-Work on atmosphere. Places where the PCs spent time, like the inn in Aldencross where we stayed or the town of Farholde, didn’t really get a recognizable atmosphere, which left the enemy faith feeling generic and the backdrop/campaign setting lacking in presence. Even the Horn, which had a lot of very rich descriptive text that could offer a base for a very rich atmosphere, didn’t necessarily see its atmosphere reinforced much after the first delivery of said text. As far as our organization (minions, soldiers, slaves, etc.), Gaer had a lot of scenes where he was partially acting for the benefit of a crowd of our assembled NPCs and minions (and Puella several too), but said audiences tended not to react, whether the scene was in PBP or IRC, and for me at least that gave the feeling of playing to an empty auditorium, which lessened the enjoyment of such scenes.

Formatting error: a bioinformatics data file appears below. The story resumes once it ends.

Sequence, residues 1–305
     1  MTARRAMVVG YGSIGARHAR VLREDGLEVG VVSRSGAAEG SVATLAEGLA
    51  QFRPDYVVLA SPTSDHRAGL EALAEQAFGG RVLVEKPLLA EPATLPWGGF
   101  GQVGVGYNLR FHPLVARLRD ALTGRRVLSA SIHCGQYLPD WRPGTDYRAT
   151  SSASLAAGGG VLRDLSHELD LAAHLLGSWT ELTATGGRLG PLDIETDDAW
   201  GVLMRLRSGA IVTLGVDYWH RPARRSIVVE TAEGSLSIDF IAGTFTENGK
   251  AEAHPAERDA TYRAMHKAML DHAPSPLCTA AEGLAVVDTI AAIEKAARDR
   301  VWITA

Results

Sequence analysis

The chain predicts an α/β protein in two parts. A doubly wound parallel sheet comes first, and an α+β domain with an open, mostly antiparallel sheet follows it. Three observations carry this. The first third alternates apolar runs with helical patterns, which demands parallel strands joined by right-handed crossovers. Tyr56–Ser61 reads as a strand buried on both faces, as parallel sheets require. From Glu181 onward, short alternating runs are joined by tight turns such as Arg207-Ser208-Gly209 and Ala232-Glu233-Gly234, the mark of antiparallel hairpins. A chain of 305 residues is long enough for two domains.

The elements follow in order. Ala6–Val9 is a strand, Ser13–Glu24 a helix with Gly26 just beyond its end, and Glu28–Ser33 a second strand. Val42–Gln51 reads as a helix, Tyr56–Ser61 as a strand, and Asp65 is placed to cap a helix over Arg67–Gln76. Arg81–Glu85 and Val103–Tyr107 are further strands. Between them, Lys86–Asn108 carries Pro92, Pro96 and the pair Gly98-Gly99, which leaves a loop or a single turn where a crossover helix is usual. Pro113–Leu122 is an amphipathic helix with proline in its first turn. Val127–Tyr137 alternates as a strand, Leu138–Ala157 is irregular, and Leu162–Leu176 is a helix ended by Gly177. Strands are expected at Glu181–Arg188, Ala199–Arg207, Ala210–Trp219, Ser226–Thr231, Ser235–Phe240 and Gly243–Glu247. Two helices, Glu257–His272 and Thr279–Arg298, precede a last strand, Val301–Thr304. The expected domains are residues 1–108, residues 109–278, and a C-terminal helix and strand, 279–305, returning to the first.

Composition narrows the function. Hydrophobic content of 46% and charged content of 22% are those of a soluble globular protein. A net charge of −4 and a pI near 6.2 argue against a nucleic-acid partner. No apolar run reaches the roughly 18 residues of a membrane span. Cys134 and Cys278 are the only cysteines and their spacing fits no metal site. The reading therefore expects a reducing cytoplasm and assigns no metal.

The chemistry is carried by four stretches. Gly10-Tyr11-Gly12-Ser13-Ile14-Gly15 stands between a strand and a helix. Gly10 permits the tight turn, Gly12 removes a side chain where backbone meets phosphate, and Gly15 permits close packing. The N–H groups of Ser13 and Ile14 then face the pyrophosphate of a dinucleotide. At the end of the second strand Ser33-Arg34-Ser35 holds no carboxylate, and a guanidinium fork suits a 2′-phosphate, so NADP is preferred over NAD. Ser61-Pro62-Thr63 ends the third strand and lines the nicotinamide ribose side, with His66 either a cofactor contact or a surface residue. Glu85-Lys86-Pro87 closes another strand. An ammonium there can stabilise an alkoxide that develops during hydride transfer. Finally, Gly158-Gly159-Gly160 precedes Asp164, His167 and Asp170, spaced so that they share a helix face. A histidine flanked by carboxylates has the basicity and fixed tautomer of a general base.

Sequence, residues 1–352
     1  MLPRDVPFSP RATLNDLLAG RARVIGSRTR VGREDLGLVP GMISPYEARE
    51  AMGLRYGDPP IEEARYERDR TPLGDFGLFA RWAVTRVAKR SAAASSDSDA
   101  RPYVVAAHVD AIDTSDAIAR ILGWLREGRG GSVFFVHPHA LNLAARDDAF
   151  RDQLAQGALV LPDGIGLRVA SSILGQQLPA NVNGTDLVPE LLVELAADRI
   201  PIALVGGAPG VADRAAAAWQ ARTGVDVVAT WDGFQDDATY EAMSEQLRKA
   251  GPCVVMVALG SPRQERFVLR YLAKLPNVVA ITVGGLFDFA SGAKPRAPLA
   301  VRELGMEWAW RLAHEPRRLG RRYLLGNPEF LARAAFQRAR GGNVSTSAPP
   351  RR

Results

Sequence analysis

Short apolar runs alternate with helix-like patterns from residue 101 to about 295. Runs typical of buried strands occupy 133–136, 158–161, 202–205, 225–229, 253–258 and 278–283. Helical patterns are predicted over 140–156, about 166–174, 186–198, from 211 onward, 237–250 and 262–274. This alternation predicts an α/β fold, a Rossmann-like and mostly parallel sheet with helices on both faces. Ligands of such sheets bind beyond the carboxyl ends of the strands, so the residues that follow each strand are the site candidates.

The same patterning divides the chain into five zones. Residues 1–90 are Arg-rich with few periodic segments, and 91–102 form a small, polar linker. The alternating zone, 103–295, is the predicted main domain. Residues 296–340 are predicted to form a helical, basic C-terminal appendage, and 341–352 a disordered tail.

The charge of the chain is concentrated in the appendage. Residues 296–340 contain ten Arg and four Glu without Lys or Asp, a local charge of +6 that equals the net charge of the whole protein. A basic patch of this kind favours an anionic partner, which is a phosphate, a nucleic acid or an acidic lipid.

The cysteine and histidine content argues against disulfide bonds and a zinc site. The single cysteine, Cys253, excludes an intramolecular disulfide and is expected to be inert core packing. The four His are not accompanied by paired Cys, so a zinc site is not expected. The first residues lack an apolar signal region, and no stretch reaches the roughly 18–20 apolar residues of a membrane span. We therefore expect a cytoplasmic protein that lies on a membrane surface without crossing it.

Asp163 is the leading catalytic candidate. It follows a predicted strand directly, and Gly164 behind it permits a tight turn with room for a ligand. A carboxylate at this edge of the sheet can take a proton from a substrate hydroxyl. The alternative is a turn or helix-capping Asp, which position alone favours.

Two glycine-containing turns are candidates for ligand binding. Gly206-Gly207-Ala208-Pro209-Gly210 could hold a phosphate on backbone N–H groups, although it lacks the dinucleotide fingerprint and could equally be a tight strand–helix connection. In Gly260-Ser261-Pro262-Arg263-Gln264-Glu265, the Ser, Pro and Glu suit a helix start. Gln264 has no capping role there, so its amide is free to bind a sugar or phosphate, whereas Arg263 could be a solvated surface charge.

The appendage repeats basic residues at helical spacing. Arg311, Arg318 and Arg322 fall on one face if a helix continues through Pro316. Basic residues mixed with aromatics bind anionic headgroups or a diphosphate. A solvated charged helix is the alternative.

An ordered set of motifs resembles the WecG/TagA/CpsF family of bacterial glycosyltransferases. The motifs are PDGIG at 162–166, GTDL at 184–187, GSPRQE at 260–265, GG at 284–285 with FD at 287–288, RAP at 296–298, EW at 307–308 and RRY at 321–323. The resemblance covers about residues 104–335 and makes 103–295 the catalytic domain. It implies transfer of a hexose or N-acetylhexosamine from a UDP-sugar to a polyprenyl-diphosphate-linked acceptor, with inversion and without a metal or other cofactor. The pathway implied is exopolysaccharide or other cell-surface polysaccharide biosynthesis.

-Work on compartmentalization (partly of information, but also of attitude). Re: compartmentalization of information, I wouldn’t say that this was a major issue in the campaign, but I do think that sometimes new characters would come onto the scene seeming to already be treating us as the worst villains on the face of Talingarde, rather than learning about us through interaction (and thus us having a chance to choose which faces to show). This one is difficult to diagnose since I don’t really know what various NPCs might legitimately have known about us, but when it seems to be a pattern, a player can get to feeling like the barrier between DM and NPC is leaky. On a similar note, there are a few times where it was really difficult to imagine how on earth NPCs had the situational awareness required to act the way they did without using DM knowledge (examples might be Myrtle’s escape or Arissa’s murder). With this also I’m aware that diagnosing individual instances from the player’s side of the screen can be prone to error, but even if I’m missing pertinent information on some instances, I am not wrong on all of them.